Arch Coal’s turnaround plan confirmed by US court
November 2016 | DEALFRONT | BANKRUPTCY & CORPORATE RESTRUCTURING
Financier Worldwide Magazine
In mid September, US coal miner Arch Coal won court approval for a plan to eliminate $4.7bn worth of debt from its balance sheet, clearing the path for the company to emerge from bankruptcy in early October.
Arch Coal, the US’ second largest coal producer, filed for Chapter 11 protection in January citing debts of around $6.3bn, becoming one of the most high profile casualties of the considerable volatility experienced in the commodities space in recent years. While Arch’s heavy debt load, which was taken on before coal prices fell, was already cumbersome, once the price of coal began its precipitous fall the company’s fate was sealed.
However, now that the company’s restructuring plan has won the approval of the US Bankruptcy Court in St. Louis, Arch is expected to emerge from bankruptcy protection in October under the majority control of the company’s senior lenders. According to court documents, the company’s senior creditors, owed roughly $1.9bn, will receive cash, another $326.5m issued in new senior debt, and about 94 percent of the common shares in the NewCo after bankruptcy. Arch’s unsecured creditors will receive the other 6 percent of the common equity.
Under the terms of Arch Coal’s restructuring agreement, the company’s unsecured creditors, including bondholders, will get $30m in cash and 6 percent of the company’s new shares.
Bondholders will also get to choose between warrants to buy up to 12 percent of Arch’s new common shares or $25m in additional cash. All of the stock distributions are subject to dilution by the warrants and a management incentive programme. Furthermore, according to court documentation the company’s existing shareholders will be wiped out under the plan.
“The Court’s confirmation of our plan is the final legal step in our successful financial restructuring. We will emerge as a strong, well-positioned natural resource company with a compelling plan for value creation. We have accomplished a great deal through the restructuring process and are confident that we have established a solid foundation for long-term success, built on our strong metallurgical and thermal franchises and our core commitment to safety and environmental excellence. We thank our customers and vendors for their important support, as well as our employees for their great dedication to Arch,” said Arch Coal’s chief executive John W. Eaves in a statement.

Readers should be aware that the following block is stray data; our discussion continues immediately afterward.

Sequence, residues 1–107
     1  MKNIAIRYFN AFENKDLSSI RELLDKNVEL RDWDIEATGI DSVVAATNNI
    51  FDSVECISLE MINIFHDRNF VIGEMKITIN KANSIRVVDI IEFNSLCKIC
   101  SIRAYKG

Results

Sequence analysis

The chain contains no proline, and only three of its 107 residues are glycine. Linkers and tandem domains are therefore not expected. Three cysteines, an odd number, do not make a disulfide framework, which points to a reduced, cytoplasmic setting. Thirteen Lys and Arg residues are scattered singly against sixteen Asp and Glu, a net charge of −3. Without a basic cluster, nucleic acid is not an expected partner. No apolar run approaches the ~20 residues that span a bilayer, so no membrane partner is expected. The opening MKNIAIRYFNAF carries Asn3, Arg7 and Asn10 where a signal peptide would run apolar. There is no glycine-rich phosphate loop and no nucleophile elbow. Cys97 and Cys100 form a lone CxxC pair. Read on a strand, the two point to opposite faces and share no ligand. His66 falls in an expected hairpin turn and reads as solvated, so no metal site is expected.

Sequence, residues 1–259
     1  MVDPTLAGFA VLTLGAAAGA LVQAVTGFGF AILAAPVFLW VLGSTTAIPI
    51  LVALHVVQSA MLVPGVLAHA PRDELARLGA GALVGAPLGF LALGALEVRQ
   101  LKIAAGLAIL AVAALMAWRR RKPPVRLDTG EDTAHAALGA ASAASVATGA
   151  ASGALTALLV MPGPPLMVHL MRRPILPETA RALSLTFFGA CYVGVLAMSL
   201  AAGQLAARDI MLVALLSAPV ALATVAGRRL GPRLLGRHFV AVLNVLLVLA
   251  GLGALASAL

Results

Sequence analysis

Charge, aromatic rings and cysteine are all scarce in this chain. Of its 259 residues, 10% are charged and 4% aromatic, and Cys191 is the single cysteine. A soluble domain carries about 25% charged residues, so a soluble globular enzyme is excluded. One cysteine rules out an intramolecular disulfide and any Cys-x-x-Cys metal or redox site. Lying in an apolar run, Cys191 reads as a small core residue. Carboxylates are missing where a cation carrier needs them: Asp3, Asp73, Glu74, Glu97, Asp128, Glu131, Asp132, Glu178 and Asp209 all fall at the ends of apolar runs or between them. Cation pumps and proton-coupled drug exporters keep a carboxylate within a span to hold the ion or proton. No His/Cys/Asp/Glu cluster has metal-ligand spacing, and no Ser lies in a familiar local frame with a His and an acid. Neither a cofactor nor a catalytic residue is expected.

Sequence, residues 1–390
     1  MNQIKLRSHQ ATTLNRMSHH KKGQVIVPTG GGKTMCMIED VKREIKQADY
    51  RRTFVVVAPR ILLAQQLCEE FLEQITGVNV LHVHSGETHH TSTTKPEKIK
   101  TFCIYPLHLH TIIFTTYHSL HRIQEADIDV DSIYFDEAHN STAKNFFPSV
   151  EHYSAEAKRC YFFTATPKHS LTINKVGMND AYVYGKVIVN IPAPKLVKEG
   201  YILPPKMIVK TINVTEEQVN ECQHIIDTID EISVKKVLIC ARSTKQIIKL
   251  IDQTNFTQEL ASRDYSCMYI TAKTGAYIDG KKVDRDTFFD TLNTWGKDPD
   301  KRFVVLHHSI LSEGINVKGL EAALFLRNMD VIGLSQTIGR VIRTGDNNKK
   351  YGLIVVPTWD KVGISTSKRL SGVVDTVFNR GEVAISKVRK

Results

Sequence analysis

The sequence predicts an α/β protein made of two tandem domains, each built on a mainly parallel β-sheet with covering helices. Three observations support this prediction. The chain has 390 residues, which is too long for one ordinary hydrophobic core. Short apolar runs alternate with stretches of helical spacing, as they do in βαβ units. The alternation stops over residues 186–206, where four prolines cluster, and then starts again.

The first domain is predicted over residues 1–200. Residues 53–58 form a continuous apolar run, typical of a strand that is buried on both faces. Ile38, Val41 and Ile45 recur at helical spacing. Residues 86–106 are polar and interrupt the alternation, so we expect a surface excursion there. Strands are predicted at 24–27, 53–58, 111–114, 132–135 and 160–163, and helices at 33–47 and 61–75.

“We appreciate the cooperation of our lenders and creditors, as well as their advisors, who worked constructively with us to complete Arch’s financial restructuring in an expeditious and efficient manner,” Mr Eaves added.
The restructuring is the result of lengthy settlement talks with the company’s junior creditors, who had threatened litigation in connection with Arch’s prior restructuring efforts. However, the company finally won the support of the overwhelming majority of its creditors. Indeed, more than 96 percent of Arch Coal’s creditors who cast ballots on the plan voted in favour of the deal. However, the restructuring agreement was opposed by the federal bankruptcy watchdog. Regardless of this disagreement the removal of nearly $5bn worth of debt will allow Arch Coal to emerge as a “lean, mean, fighting machine for the coming era, which will remain challenging and complicated for the US coal industry”, according to the company’s bankruptcy lawyer Marshall Huebner.
Prior to the company’s bankruptcy filing, Arch posted $485m in self-bonds to pay for mine cleanup and remediation costs in Wyoming. Those bonds are not generally insured, so bankruptcy can pose a challenge. It appears as though Arch will have to replace those bonds with insured bonds after exiting bankruptcy protection. According to the reorganisation plan, Arch was required to replace its self-bonds within 15 days of the bankruptcy exit plan becoming effective, in order to win court approval of the restructuring. The company had previously resisted calls for it to replace the bonds; however, there has been a renewed push to crack down on self-bonding following the Chapter 11 filings of some of the US’ largest coal companies. Indeed, US coal watchdog the Office of Surface Mining and Reclamation Enforcement has asked state regulators to get tough on companies self-bonding.
Moving forward, the newly reorganised company’s prospects appear to be a lot brighter given the firm’s status as one of the world’s top coal producers for the global steel and power generation industries. Indeed, Arch has a worldwide network of customers.
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